Skvarla says he wants to push for crowd funding legislation

Posted January 5, 2015

Secretary of Environment and Natural Resources John Skvarla speaks during a Dec. 2, 2014, news conference at which Gov. Pat McCrory announced Skvarla would succeed Commerce Secretary Sharon Decker, who is stepping down to take a private-sector job.

— North Carolina's new commerce secretary wants to allow small investors to help fund in-state entrepreneurs through crowd-funding.

"We have hundreds of thousands of entrepreneurs in this state, and crowd-funding is a mechanism by which small entrepreneurs can go raise $1 million to $2 million easily without all of the bureaucratic morass of traditional securities laws," Commerce Secretary John Skvarla said shortly after attending an economic forecast forum put on Monday by the North Carolina Chamber and North Carolina Bankers Association. 

Such systems, he said, typically work by allowing smaller investors to put $1,000 a piece into a project without the formalities normally required with stock transactions.

A similar bill was much debated but ultimately failed to pass the legislature during the 2014 General Assembly. Despite backing in both the House and the Senate, it became tangled in an end-of-session tit-for-tat between Republican leaders in either chamber.

Rep. Tom Murry, R-Wake, the bill's primary proponent, did not win reelection in November. 

Skvarla said crowd-funding would allow small investors to help from home-grown ventures much more quickly. The biggest problems for most entrepreneurs, he said, is access to the capital needed either to start up or begin work on a new project in earnest. 

"This crowd-funding is something we need to have as a standalone bill to get signed early in the session. Let's unleash the entrepreneurial spirit of everybody who is out there wanting to start everything from a sporting goods company to a biotech company," Skvarla said. 

Lawmakers return to work Jan. 14 for one day and then begin the bulk of their legislative session two weeks later.


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  • Terry Lightfoot Jan 6, 2015
    user avatar

    crowd funding's proven time and again..but why do we need a regulation in NC? Is there something in the process that would prevent any NC citizen from using and receiving $$ from these sources?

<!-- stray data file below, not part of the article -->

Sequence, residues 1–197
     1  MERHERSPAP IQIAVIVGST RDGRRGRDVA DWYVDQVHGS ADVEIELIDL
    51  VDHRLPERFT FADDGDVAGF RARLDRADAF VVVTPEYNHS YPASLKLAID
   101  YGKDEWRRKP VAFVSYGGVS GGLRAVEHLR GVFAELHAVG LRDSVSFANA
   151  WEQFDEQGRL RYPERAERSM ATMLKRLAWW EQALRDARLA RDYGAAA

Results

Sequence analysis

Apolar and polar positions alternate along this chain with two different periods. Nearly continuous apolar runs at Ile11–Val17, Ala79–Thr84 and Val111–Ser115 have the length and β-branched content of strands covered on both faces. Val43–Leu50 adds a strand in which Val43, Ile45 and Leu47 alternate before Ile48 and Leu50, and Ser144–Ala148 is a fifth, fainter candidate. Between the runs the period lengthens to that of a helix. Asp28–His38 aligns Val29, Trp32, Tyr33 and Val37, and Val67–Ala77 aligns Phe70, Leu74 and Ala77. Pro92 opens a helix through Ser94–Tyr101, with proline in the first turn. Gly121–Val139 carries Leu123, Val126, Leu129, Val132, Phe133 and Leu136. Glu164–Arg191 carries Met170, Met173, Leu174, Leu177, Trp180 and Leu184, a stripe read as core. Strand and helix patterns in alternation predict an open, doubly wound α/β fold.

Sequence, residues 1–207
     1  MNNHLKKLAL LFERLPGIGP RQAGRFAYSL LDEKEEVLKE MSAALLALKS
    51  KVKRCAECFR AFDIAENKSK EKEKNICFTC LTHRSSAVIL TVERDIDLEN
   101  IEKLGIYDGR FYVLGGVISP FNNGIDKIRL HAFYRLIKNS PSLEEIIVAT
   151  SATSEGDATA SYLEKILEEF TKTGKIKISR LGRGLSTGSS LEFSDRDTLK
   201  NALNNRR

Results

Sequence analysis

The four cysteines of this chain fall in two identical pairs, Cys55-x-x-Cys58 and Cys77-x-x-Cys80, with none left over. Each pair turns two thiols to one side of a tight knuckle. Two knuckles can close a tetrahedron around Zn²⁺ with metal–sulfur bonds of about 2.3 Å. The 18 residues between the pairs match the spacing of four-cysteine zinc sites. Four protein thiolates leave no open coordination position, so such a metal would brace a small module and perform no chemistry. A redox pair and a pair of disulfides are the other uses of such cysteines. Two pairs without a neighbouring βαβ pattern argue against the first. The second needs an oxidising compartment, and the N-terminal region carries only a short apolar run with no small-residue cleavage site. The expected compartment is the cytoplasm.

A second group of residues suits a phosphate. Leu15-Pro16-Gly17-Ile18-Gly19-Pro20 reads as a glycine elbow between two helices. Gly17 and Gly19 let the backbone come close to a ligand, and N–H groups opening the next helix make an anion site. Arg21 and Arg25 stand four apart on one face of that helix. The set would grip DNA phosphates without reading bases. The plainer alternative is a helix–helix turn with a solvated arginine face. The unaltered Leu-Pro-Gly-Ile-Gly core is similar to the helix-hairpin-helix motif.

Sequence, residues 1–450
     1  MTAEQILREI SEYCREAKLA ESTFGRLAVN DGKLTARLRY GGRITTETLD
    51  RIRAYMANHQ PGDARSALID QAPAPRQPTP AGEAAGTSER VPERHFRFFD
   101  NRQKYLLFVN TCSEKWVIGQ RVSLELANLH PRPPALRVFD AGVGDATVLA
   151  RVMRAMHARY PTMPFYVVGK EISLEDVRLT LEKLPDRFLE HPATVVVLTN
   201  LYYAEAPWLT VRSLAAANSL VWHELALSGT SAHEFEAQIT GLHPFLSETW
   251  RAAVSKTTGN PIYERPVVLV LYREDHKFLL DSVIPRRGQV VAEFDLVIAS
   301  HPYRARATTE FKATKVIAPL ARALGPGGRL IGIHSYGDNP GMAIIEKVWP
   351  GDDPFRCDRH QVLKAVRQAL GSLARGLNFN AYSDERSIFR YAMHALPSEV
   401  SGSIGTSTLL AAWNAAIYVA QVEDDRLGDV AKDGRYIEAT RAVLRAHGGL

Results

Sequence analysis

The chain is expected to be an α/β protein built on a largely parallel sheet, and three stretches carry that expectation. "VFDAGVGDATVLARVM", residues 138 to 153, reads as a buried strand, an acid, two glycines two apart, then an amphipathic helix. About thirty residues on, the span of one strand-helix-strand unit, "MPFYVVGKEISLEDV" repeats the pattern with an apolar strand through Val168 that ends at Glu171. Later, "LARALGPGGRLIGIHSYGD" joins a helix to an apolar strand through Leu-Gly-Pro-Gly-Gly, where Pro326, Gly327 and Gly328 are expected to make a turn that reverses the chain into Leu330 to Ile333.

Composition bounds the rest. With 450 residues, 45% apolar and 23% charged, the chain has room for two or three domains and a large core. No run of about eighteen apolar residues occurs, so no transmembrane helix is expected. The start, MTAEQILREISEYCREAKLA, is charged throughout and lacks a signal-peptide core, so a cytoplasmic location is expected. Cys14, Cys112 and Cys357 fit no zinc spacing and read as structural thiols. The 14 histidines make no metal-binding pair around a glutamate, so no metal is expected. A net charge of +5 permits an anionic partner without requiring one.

I'm not surprized that our 'Assembly' let any bill related to this fail. They were too busy passing abortion restrictions and voter suppression laws to bother with small business.

  • Jan 6, 2015

    Who in their right mind would go along with this. They'll take your money - no receipt- and do with it as they want. No oversight for mismanagement; and we all know how that works!

  • Barbara Sossomon Jan 6, 2015
    user avatar

    Bills should have ONE topic and ONLY ONE!! Adding Pork to a bill does not help anyone. Clean bills have ONE topic.

  • Tammy Rush Jan 6, 2015
    user avatar

    View quoted thread

    The Oculus Rift is a perfect example. It was crowd-funded, then sold to Facebook for $2B in cash and stock.

  • iopsyc Jan 6, 2015

    View quoted thread

    The bill has been around in various forms for quite a while, most recently in July of 2014.
    WRAL has also covered it, to some extent, on a couple of ocassionans.

    Here's the latest version of the bill:

  • flyfish42 Jan 6, 2015

    Crowd-funding used in this way is the embodiment of "caveat emptor" and is ripe for misuse and for ripping people off, as there are no controls or checks whatsoever. Skvarla should have better sense.

  • baldchip Jan 6, 2015

    I would like to know more about this option before passing judgment.

    I wonder why we've never heard about this before.

  • iopsyc Jan 6, 2015

    I would prefer that they stop calling it "crowd funding", and start calling it "selling of unregistered securities"

  • archmaker Jan 5, 2015

    Sounds like we can all get together and purchase our own lawmakers…